The Assassin

I do not always have Cannes Film Festival envy, but this year I do, in spades, because Hou Hsiao-Hsien, one of my favorite directors, just premiered his new movie The Assassin there. It stars his long time muse Shu Qi. I will see anything he does.

David Bordwell got an opportunity to visit the set two years ago.

Years ago Hou said in an interview that perhaps he is too meticulous when it comes to mise-en-scène. This clearly has not changed. On the first day the camera was not yet on the set. Overheard snippets of Hou’s extended discussions with Huang Wen-ying, Mark Lee and others, gave the impression initially that he was going to shoot an interior scene one way, then another, only by the end of the evening to lead me to believe it had changed once again. Then on the second day, the first day of actual shooting, I returned in the morning to discover that the scene was covered from yet another angle.
Throughout that morning, that single setup underwent three more metamorphoses. Hou and his colleagues tinkered with the set and props so extensively that they broke for lunch before actually shooting — this despite the actors all being on call since around 6:30 am. Not bounded by the union rules typical on a Hollywood set, Hou at times was directly involved in adjusting several minute details. Hou is as meticulous as ever.
Hou never uses storyboards or shot lists. He does not even write out dialogue beforehand for the actors. His scenes have always grown out of the specifics of a setting—usually real locations that spark his imaginative staging and lighting. His modus operandi is to then respond directly to the atmosphere he finds himself in, no matter how long that takes. Everybody who works for him seems to understand this.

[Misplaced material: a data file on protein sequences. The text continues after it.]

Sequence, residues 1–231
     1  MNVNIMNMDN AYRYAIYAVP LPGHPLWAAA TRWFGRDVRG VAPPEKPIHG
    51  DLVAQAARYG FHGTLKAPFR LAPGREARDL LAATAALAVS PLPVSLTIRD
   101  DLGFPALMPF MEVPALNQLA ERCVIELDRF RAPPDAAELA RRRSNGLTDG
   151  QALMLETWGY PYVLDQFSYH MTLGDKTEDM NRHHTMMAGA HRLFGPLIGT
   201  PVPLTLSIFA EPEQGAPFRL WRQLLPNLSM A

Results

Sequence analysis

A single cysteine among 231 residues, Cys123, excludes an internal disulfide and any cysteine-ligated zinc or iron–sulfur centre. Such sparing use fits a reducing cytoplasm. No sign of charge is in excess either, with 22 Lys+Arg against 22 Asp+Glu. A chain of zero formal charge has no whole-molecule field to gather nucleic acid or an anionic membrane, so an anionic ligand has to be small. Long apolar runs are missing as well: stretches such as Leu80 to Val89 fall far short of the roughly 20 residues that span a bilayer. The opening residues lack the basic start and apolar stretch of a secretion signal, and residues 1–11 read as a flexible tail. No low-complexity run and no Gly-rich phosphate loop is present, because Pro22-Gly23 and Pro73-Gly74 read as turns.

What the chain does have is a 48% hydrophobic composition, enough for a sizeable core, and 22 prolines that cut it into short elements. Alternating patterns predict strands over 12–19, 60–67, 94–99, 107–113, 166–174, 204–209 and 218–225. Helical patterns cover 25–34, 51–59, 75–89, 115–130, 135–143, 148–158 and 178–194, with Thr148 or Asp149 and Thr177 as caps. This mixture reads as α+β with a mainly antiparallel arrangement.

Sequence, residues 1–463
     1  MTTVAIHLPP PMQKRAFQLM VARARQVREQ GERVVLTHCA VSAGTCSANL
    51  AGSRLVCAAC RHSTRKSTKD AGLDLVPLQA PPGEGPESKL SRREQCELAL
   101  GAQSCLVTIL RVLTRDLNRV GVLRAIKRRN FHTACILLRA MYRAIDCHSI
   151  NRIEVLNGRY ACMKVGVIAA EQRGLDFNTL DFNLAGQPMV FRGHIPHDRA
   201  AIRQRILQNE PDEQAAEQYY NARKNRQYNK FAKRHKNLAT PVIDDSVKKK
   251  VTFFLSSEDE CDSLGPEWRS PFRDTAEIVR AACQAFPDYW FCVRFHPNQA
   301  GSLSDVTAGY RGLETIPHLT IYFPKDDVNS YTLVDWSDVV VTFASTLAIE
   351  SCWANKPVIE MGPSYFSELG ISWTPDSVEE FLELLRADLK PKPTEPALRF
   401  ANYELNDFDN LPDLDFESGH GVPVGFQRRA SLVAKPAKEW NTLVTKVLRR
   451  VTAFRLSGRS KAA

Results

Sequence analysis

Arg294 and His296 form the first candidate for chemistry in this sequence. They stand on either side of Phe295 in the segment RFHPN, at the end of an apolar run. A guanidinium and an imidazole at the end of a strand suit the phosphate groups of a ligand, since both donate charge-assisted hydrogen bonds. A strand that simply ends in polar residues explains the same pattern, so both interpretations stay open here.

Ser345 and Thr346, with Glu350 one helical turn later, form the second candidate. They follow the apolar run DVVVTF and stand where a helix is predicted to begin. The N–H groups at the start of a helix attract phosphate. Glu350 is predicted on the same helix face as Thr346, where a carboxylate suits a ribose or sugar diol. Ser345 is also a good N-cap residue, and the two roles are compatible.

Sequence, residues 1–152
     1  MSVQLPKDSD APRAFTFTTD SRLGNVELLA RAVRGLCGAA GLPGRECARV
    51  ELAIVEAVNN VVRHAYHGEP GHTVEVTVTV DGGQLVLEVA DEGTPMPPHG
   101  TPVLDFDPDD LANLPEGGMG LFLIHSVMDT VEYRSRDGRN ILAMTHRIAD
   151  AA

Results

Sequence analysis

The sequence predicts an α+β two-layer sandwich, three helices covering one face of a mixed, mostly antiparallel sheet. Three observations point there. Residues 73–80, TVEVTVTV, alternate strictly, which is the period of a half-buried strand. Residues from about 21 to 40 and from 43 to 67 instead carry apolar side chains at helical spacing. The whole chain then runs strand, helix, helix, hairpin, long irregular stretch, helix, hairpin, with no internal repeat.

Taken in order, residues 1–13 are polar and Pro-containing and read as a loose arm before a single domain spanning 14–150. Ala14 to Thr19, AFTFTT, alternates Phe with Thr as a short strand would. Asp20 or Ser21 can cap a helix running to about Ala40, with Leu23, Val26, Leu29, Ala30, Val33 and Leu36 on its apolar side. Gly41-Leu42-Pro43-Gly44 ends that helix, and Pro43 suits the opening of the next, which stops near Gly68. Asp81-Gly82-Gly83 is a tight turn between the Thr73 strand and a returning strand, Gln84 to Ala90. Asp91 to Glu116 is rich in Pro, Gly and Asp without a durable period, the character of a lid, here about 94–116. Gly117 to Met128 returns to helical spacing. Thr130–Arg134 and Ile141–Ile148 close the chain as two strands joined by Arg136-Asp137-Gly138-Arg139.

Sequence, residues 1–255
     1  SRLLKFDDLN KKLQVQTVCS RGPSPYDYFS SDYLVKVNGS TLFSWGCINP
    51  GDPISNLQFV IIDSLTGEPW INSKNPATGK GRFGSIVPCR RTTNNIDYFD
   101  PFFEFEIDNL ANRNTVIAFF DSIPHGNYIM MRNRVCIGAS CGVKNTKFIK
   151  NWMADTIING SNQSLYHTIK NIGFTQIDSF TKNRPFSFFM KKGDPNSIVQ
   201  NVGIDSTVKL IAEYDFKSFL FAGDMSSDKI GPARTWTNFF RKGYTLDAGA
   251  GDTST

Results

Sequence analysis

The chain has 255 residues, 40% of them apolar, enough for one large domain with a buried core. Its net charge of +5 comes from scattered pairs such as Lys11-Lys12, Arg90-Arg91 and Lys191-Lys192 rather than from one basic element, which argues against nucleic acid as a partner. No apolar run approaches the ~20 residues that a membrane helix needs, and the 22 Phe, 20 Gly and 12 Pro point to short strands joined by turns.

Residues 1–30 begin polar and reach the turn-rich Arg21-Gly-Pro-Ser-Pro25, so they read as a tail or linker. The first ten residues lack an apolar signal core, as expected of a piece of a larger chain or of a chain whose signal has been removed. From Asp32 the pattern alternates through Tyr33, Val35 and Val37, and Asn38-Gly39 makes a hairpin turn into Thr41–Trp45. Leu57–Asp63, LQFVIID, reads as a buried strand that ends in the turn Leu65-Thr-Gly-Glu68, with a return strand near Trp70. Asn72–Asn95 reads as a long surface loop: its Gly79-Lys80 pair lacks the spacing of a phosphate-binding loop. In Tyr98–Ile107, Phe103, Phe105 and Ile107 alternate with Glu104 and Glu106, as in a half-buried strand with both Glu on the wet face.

No dialogue, no script, no shot list. Process-wise, he sounds just like another of my favorite directors, and one he's often grouped with, Wong Kar Wai. Their movies have many similarities, chief among them the ability to capture a mood, a sensation, the feel of a story more than the structure of it.

Is the process integral to producing that type of movie? Does agile development lead to a different type of product than, say, waterfall development? It seems obvious that it would, but the Bordwell piece is worth reading to understand the mechanics of just how.

I really hope this movie comes to TIFF this fall. Hou Hsiao-Hsien is a Taiwanese treasure.